Apologise, move on. There have been occasions where I found myself apologising over and over again because I still felt bad the next day, but the kids were ready to move on. Kids are pretty forgiving and they don't expect you to be perfect.

In some cases I also explain why I was feeling grouchy, though when doing that, you have to be careful not to make it too "heavy" (so the child doesn't end up worrying about you) or make it sound like you're trying to make excuses for your bad behaviour. But my kids seem to respond well to simple explanations as to why people sometimes have bad days.

But yes, it's normal. Nobody's perfect. bbighug.gif

#21 leisamd

Posted 15 February 2013 - 12:44 PM

I also try to intentionally spend some nice time. Today was one of those days, so we're watching a movie now (double help, relaxing & not speaking yet still together) , and later we'll make cupcakes. Rest, reset, fun. That's my formula for ' write off' days!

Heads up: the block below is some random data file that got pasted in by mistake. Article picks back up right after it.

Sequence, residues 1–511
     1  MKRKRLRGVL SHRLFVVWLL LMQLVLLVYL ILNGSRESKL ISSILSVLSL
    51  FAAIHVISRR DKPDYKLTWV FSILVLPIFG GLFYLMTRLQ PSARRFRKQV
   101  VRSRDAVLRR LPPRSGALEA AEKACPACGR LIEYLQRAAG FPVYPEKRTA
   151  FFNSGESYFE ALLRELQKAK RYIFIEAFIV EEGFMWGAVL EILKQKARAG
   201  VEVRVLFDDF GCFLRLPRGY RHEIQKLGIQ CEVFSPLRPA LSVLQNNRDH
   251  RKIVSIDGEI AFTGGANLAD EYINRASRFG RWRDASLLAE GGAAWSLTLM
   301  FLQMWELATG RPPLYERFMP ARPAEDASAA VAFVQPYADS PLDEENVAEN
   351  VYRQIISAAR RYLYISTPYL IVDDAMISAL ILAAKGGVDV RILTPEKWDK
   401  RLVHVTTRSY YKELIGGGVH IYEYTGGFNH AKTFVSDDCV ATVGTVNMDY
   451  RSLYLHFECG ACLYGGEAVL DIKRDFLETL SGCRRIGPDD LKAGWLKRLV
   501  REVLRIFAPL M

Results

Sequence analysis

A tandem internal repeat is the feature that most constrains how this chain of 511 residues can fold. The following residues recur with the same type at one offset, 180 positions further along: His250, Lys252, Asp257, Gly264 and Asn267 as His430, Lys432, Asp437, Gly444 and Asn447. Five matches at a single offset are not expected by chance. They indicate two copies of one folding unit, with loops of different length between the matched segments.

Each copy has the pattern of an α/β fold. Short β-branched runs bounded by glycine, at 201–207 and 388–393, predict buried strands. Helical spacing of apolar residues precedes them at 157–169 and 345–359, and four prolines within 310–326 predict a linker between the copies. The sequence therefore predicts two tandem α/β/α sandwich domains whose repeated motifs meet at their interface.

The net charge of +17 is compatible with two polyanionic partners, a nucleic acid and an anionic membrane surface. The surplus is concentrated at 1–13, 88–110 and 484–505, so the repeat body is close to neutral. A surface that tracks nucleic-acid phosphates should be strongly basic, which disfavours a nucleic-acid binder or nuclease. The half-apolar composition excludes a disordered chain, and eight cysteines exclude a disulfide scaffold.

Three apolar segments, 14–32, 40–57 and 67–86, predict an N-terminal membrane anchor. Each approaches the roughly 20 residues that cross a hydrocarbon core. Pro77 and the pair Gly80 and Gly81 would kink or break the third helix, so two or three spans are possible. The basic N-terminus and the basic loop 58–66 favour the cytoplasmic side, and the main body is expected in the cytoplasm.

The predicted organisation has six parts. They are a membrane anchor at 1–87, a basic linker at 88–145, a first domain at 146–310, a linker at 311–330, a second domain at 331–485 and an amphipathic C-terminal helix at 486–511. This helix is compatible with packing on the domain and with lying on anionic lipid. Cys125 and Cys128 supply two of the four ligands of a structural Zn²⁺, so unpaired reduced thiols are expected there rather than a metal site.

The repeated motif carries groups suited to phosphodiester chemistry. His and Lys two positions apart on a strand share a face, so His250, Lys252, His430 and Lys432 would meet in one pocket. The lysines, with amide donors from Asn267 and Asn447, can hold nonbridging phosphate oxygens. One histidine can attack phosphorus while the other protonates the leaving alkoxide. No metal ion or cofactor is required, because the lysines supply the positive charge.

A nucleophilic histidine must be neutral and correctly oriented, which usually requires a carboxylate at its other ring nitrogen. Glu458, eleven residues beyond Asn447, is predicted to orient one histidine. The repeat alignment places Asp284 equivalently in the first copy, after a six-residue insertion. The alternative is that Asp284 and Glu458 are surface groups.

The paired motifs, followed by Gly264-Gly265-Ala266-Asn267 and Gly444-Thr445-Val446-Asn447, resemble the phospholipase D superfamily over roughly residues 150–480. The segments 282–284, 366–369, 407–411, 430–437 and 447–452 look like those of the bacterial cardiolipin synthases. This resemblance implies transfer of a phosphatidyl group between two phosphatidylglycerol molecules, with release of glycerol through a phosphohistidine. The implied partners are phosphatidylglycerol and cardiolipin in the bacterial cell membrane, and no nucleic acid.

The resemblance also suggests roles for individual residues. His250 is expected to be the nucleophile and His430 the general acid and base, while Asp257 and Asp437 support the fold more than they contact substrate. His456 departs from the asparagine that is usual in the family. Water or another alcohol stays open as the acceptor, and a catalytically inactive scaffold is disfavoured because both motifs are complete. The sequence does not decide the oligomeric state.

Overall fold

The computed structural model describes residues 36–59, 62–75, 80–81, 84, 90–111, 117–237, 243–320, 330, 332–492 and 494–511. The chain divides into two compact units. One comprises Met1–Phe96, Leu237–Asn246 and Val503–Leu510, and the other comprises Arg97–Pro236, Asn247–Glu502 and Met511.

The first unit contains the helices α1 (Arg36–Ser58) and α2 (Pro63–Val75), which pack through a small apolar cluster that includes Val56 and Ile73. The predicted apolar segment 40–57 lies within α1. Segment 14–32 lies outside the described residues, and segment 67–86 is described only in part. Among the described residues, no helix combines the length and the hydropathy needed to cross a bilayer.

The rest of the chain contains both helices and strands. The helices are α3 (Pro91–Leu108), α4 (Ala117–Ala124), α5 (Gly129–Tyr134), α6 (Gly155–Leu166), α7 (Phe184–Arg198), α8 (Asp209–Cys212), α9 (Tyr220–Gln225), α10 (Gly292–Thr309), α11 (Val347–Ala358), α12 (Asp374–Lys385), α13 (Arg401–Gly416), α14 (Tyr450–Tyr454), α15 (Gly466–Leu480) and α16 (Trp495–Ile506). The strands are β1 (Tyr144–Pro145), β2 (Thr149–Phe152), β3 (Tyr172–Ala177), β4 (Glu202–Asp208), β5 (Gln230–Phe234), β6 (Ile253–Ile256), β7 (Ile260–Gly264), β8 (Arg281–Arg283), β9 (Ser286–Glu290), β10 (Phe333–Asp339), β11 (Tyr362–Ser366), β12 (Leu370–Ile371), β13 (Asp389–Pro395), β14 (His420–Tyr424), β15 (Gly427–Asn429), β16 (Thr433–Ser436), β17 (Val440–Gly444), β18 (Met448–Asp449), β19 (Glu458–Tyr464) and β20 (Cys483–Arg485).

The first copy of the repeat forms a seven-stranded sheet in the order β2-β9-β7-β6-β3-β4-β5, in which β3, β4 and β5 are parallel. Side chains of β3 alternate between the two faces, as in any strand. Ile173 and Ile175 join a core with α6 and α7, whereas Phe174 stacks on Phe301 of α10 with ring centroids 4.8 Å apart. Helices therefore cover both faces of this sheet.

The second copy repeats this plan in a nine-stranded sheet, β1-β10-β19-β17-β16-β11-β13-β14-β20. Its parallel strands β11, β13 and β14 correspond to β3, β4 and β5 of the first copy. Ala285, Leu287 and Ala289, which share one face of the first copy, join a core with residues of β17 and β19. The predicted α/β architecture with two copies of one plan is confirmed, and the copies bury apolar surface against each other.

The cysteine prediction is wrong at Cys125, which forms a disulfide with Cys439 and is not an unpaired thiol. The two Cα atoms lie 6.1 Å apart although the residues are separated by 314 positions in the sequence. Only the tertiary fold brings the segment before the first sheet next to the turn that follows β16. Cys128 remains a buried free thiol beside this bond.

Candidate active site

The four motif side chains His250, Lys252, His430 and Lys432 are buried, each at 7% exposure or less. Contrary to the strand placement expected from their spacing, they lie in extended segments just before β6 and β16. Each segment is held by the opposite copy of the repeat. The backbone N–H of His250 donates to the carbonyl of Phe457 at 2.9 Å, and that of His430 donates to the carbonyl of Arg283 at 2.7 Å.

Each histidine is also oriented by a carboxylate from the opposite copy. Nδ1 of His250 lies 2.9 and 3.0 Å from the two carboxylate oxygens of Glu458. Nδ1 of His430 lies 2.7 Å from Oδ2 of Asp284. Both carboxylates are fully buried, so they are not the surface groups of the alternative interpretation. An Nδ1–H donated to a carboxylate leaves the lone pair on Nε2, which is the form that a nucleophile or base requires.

#22 mm1981

Posted 15 February 2013 - 12:53 PM

Apologise and move on.

So what, you were having a bad day. You explained it and apologised. Done.

No need to make it a bigger deal than what it is. Nor should your son.

Mark it up as life experience.

Apologise and move on.

So what, you were having a bad day. You explained it and apologised. Done.

No need to make it a bigger deal than what it is. Nor should your son.

Mark it up as life experience.

#23 Tigerdog

Posted 15 February 2013 - 12:59 PM

You don't - you just move on and try to do better the next day.  Children are forgiving and resilient, focusing on it serves no purpose.

Edited by Tigerdog, 15 February 2013 - 12:59 PM.